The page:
Digital Humanities

What can Machine Learning do for Literary Critics?

First in a series of posts about artificial intelligence sparked by “The Great AI Awakening,” an article from December 2016 by Gideon Lewis-Kraus in the New York Times Magazine. Cross-posted to The Augmented Criticism Lab‘s blog.

Can you trust machines to make decisions on your behalf? You’re doing it already, when you trust the results of a search engine or follow directions on your phone or read news on social media that confirms your worldview. It’s so natural that you forget it’s artificial; someone programmed a machine to make it happen. If Arthur C. Clarke is right (“any sufficiently advanced technology is indistinguishable from magic”), we’re living in the age of magical thinking.

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Talk: Unnatural Language and Natural Thinking

I’m giving a talk on the University of Calgary campus (in SS 1015) on Friday December 2, 2016 at 3:15pm.

Title

Unnatural Language and Natural Thinking: Shakespeare and His Contemporaries

Abstract

Critics of computational text-analysis tend to perceive its focus on language patterns as a flattening of qualitative texts into quantifiable patterns. They’re right. But a text’s linguistic operating-system deserves close scrutiny when it reveals features of the text that a human reader can’t perceive, or when it flags evidence beyond our capacity to gather. The Augmented Criticism Lab has developed algorithms to detect features of repetition and variation in the works of Shakespeare and his contemporaries (starting with drama, namely the Folger’s Digital Anthology). We’ve begun with features like rhetorical figures that repeat lemmas (heed, heedful, heeding) or morphemes (heeding, wringing, vexing). We use natural-language processing to gather evidence of these unnatural formulations, to ask whether they signal natural habits of thought. The interpretive payoff is our ability to make more definitive arguments not just about these figures, but also about underlying cognitive habits.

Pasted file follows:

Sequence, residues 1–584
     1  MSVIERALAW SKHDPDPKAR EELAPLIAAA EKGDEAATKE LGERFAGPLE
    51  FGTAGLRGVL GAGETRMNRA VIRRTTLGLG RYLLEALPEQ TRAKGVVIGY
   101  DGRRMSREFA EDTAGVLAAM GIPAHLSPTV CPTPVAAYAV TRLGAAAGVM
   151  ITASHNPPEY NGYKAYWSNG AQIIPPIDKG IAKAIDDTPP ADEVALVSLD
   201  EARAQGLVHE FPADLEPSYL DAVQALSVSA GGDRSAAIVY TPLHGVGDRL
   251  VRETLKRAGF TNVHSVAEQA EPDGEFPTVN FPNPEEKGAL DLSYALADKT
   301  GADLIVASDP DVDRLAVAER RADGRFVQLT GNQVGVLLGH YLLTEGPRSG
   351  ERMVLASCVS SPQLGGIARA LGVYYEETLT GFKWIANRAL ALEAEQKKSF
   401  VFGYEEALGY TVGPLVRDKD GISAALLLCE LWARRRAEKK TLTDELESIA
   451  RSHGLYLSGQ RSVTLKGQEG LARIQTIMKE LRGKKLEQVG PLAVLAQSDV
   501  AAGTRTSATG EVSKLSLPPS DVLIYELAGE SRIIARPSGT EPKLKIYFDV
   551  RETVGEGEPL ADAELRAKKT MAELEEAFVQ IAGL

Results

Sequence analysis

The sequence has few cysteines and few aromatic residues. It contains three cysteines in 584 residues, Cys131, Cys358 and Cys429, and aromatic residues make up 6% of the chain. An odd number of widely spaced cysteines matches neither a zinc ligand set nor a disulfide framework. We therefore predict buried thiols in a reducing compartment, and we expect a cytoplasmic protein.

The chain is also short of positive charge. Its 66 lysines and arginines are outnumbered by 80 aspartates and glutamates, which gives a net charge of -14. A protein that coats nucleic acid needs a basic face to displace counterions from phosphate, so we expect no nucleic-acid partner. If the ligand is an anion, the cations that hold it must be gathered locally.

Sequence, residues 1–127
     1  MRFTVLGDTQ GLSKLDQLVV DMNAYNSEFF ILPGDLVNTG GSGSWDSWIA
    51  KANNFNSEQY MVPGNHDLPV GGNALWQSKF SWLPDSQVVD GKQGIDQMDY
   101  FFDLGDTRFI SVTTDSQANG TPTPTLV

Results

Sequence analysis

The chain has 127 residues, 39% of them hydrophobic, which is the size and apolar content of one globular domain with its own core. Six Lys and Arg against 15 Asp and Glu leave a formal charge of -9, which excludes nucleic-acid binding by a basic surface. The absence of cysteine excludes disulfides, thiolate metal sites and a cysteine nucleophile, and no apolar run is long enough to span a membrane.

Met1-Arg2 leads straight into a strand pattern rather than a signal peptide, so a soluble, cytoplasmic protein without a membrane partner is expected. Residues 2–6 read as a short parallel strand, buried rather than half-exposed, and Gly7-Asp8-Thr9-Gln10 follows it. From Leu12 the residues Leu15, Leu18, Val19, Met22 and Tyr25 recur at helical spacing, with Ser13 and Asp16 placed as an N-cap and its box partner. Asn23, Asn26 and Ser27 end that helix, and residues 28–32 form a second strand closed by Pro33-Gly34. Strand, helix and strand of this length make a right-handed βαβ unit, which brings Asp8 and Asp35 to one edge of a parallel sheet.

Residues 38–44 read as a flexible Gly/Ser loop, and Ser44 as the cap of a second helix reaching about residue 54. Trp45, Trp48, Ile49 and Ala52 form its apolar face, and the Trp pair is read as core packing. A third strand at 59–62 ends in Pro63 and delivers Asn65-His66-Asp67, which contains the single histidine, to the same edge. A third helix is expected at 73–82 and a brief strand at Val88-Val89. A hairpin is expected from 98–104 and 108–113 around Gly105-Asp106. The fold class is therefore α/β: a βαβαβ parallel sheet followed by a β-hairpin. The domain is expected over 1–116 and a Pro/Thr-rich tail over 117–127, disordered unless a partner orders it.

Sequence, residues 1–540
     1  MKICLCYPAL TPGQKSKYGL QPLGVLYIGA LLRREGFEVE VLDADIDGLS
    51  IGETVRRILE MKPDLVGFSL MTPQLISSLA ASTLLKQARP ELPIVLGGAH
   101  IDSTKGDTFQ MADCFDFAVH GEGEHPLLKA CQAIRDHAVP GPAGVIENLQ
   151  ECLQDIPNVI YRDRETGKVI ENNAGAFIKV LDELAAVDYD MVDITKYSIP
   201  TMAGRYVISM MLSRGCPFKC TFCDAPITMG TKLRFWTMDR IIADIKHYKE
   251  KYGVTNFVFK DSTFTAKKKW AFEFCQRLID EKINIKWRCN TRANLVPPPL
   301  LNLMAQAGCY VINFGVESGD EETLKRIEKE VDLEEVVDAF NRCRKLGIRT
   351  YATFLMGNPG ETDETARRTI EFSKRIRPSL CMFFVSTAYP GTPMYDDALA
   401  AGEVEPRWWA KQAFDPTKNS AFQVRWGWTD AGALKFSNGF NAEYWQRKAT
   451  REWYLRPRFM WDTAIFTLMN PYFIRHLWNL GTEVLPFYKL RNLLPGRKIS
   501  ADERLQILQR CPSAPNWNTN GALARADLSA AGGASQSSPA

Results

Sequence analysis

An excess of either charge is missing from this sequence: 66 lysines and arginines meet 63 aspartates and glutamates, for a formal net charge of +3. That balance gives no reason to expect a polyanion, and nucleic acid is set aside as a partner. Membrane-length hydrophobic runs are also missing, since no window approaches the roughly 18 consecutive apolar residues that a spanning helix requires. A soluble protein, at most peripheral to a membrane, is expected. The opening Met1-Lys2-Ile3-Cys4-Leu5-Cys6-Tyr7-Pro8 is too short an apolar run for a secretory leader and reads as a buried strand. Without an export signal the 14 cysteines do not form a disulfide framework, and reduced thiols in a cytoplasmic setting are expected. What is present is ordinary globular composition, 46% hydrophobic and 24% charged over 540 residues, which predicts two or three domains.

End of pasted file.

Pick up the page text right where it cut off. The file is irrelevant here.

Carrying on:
This paper describes our process and our corpus, and presents a range of our results with this initial corpus before we expand to the billion words in the EEBO-TCP corpus (1473-1700).

For more information about the Augmented Criticism Lab, visit < acriticismlab.org >.

Digital Humanities at the University of Calgary

Are you interested in doing graduate work in the digital humanities at the University of Calgary? Or just want to learn more about what we’re doing in this field?

Drop me a line. I’m accepting graduate students (MA and PhD) for Fall 2017.

Faculty here at the University of Calgary are topic-modelling sci-fi archives and using computers to analyze Shakespeare’s language patterns. In the Department of English we digitize, deform, and interpret texts, to develop new methods of digital philology; and we work with computer scientists to quantify, process, and visualize texts to uncover social, cultural, political, and historical trends.

If shaping the future of the humanities appeals to you, consider applying to the Department of English to do your graduate work in this field. The application deadline is December 10, 2016 for admission in Fall 2016.